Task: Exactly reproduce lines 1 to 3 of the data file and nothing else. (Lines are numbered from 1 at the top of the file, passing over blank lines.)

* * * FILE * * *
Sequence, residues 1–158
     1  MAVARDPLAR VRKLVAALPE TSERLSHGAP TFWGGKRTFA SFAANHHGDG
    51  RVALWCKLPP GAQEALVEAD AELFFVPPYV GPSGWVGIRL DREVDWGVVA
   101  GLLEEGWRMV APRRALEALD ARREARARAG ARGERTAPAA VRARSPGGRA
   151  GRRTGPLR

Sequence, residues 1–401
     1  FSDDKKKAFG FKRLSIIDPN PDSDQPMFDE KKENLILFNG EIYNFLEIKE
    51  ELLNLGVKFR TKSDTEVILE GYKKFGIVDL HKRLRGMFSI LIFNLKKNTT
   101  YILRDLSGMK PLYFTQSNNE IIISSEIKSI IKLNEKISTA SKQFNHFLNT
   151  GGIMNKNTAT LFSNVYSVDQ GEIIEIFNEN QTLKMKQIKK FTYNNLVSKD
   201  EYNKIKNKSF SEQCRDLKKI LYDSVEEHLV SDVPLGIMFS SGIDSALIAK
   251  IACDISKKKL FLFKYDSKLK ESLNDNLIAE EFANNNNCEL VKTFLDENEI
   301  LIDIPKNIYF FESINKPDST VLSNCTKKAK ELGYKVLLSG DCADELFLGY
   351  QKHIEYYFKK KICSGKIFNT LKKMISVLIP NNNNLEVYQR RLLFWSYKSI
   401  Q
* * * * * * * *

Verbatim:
Sequence, residues 1–158
     1  MAVARDPLAR VRKLVAALPE TSERLSHGAP TFWGGKRTFA SFAANHHGDG
    51  RVALWCKLPP GAQEALVEAD AELFFVPPYV GPSGWVGIRL DREVDWGVVA